Possible Portfolio Contents
Long-term set of reflections in which students jot down a few notes about musical improvements that take place, individually or with the ensemble. Reflections can be written during the ensemble class, at times when students are not actively playing. Forms can be devised so students only have to write a few words for each class. Students and teachers can gain valuable insight into their musical progress when examining past observations.
Simple calendar on which students keep track of their practice times.
Single reflection sheets to be filled out periodically during the grading period that allow students to summarize their progress, discuss their challenges, and make plans for future improvements. Questionnaires can be constructed differently for the beginning, middle, and end of a grading period.
Reflections forms that can be filled out after a performance so students may evaluate what went well, what could have been improved, and what were unexpected challenges.
Ensemble Rehearsal Critiques:
Short, in-class reflections in which students evaluate individual and group performance with regard to specific musical elements, and make practicing and rehearsal plans based on their observations.
Collection of shorter in-class writings and reflections that deal with a specific musical element or concept.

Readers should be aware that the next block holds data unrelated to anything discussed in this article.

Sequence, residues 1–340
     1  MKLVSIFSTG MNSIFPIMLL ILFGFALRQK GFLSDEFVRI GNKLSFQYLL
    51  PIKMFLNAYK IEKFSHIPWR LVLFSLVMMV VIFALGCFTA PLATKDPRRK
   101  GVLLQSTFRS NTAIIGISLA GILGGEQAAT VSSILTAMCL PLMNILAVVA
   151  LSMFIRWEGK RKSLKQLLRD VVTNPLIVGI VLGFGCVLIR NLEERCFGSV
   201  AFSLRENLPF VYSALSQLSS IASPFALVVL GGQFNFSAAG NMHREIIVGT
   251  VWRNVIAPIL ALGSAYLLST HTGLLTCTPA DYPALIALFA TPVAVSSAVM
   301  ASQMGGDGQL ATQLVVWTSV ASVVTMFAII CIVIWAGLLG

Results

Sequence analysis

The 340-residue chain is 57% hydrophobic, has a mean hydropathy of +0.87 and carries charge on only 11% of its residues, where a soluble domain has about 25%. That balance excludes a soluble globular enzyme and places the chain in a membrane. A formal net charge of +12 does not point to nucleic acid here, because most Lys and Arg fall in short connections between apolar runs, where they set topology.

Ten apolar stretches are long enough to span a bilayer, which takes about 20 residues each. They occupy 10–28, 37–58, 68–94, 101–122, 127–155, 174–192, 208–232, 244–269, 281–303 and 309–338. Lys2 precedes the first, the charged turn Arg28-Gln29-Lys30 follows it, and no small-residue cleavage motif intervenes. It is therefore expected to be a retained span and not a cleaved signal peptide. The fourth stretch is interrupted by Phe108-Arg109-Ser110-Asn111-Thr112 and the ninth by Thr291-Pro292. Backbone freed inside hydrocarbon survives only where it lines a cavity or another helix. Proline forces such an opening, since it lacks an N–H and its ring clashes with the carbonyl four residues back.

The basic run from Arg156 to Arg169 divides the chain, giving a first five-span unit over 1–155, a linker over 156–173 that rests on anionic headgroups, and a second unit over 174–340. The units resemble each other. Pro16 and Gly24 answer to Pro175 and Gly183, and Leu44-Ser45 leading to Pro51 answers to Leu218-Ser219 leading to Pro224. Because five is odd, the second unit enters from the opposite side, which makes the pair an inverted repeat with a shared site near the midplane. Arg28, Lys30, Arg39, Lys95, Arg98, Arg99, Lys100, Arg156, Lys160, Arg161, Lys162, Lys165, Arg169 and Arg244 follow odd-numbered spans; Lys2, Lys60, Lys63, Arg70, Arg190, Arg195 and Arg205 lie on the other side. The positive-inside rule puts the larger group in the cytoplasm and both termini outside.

Teacher or student evaluations of a students performance of ensemble music. Evaluations can be written by the student and the teacher, can be performed in or out of class, and can be focused on specific musical elements.
Of course, many other types of portfolio materials can be devised to meet the needs of different music programs. The portfolio can be thought of as a framework for collecting different kinds of assessments that allows students, teachers, and parents to clearly see how a student is developing. Because students can easily become involved in this process, they can actively determine their own strategies for improvement, and can develop critical musical thinking skills. As an assessment tool, portfolios can add a great deal to an ensemble class without taking the emphasis away from performing, and can provide valuable insights into how students are thinking about music.